Everyone who’s old enough to remember has a 9/11 story. Mine is probably fairly typical of those of us with no personal connection to the events, and I’ve never written about it because it feels too much like trying to hop on the tragedy train in order to capitalize on the pageview potential. But on this 15th anniversary I have some reflections I feel compelled to share.
My memories of that day are fragmented. I was standing in my sunny yellow kitchen, chunky six-month-old William on my hip, when the phone rang–my husband, telling me to turn on the television. A couple of hours later I picked him up at his downtown office and we went to lunch–at the top of the tallest building in Knoxville, which I remember feeling nervous about.
In the lobby of the building they were selling extra editions of the Knoxville News Sentinel, something so out of the ordinary that it was frightening. We were all so desperate for news and there was no Twitter or Facebook to provide the instantaneous updates we’ve come to expect when a crisis strikes today.
On the elevator ride up to the 27th floor two men in business suits were discussing a mutual acquaintance whose son was in one of the towers. At the time everyone still hoped he would be found alive.
I was worried when it was time to pick up the kids from school. What did they know? What would I tell them? Emily was ten and already knew. Jake and Teddy were six and seven. I remember at first just telling them that some bad people had done a very bad thing. Because of my kids, I did not obsessively watch the television coverage for days as so many did. I did not want them to see the towers falling.
The house we lived in back then was in a flight path. We were accustomed to hearing noisy airplanes on their descent approach. For the next few days, it was eerily quiet. Once we heard an airplane and we all ran outside, terrified, to see a military plane overhead. We were all on edge. For some time after 9/11, loud noises made me jump.
Flash forward to the 10th anniversary, September 11, 2011, five years ago. Six days out from our own personal tragedy, we were homeless–John and I and the little kids living with my sister Betsy, Emily away at college, Jake and Teddy staying with school friends, even our dog being farmed out to my other sister. We had lost just about every material possession. I didn’t have the emotional energy to think about 9/11. I remember writing on Facebook that I felt guilty posting about our circumstances with all the posts about the anniversary reminding me that our tragedy was small by comparison.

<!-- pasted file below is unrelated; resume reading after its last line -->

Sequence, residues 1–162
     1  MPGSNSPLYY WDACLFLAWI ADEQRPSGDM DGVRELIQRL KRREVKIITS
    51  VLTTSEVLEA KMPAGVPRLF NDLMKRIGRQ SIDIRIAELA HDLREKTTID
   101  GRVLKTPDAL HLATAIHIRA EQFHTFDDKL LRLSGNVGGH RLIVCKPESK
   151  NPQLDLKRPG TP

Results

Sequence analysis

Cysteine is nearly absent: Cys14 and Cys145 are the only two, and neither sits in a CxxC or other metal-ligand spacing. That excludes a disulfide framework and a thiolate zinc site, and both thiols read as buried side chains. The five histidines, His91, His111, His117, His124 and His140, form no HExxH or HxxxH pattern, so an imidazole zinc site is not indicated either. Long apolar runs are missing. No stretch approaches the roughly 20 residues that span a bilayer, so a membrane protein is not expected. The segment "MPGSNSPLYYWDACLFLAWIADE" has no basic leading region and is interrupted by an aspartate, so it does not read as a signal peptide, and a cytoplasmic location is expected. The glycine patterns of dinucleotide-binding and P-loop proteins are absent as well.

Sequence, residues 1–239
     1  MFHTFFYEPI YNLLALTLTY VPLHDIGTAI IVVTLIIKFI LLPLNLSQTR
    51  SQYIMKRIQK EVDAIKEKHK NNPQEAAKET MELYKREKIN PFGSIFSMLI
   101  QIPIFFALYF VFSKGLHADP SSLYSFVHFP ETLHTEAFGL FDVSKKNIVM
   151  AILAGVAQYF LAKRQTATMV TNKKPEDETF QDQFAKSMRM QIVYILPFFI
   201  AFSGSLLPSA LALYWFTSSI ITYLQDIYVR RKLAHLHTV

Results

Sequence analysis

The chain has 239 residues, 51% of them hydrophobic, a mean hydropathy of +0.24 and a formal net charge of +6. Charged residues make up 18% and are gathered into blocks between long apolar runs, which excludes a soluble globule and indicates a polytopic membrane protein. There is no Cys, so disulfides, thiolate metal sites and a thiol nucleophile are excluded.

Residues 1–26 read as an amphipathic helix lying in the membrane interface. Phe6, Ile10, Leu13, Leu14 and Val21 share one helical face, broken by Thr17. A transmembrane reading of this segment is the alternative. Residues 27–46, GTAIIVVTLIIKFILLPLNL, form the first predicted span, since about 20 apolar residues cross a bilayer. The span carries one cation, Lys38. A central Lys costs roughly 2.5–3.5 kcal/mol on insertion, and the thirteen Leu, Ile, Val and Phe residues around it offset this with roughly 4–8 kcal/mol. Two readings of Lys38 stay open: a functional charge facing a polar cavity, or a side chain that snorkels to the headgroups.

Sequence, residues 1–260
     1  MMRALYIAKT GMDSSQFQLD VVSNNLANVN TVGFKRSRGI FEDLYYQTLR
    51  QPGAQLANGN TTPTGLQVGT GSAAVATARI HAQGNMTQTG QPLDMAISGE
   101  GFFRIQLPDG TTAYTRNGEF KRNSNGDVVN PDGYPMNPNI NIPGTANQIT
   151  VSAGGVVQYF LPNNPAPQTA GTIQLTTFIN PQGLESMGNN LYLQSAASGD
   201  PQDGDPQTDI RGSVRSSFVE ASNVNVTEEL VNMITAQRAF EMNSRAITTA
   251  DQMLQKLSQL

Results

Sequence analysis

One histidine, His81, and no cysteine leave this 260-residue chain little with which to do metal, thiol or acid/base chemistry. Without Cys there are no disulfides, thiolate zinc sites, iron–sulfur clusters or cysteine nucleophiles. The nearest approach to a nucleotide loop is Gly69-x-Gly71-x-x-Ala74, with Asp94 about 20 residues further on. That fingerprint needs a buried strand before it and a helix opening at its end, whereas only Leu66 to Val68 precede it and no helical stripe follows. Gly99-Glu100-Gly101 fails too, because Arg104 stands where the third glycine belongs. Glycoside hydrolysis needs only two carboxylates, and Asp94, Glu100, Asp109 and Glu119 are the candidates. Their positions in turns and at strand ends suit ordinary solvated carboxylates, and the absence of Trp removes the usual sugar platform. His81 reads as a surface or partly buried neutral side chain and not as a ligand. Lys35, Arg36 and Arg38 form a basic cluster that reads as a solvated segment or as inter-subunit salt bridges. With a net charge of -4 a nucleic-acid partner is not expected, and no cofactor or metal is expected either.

Since its launch in 2004, Facebook has become a fixture in our society, the way most of us keep in touch, read news, express our feelings on matters both personal and political. I can’t help but wonder how our experience of 9/11 would have been different if Facebook had existed back then. I know that in the case of our September 2011 disaster Facebook was how we shared the news and received encouragement and help. This year, on the 5th anniversary of the fire, I was looking forward to seeing those old posts in the “On This Day” feature that Facebook helpfully notifies me about first thing each morning. I braced myself a little because those memories are painful, but recalling the support of friends, family, and acquaintances is uplifting.
Imagine my surprise, then, that even though five years ago I was posting about nothing but the fire and its aftermath for probably two weeks, my Facebook memories are a cheery collection of memes and articles and comments from every year but 2011. Facebook has apparently decided without any input from me that the events of September 2011 are too traumatic and I couldn’t possibly want to revisit them. Presumably if 9/11 had occurred in the Facebook era, it would also be scrubbed from everyone’s “On This Day” feature as something too dark to recall.
And while I am in awe of Facebook’s algorithms and appreciate their intent (as I know people in particular who have been blindsided by unexpected and unwanted visceral reminders of such events as the death of a child), I don’t WANT to forget September 2011.
I don’t particularly want to remember the sight of my burned down house and the destruction of all my treasured possessions, but I do want to remember the offers of shelter, the months of meals, the clothes and toys and gift cards, the love and the prayers. I won’t forget them, not ever, but I also like seeing them on Facebook. It’s worth seeing the pictures to see them, and the pictures provide the context for appreciating them.
Today my newsfeed is flooded with “We Remember” and “Never Forget” memes. Some show the Twin Towers in ruins, some show them intact, bathed in heavenly light. I’m sure when some people say they won’t forget they mean they won’t forget the terrorists, the hated enemies who committed this vile and cowardly attack, the outrage of being attacked on our own soil. Our country has changed since 9/11 and I don’t think it has changed for the better. We have become an angrier country, a frightened country, a deeply divided country. That’s not the America I love and that’s not what I want to remember about 9/11.
What I want to remember are those who gave their lives in service to others, the way foreign countries rallied around us, the incredible feeling of unity as Americans. And what struck me most at the time and remains with me now and what I want to remember most of all is the same thing I want to remember about September 2011: the love–that when people were afraid they were going to die, the last thing they did if they could was call their spouses and parents and children, to say I love you just one last time.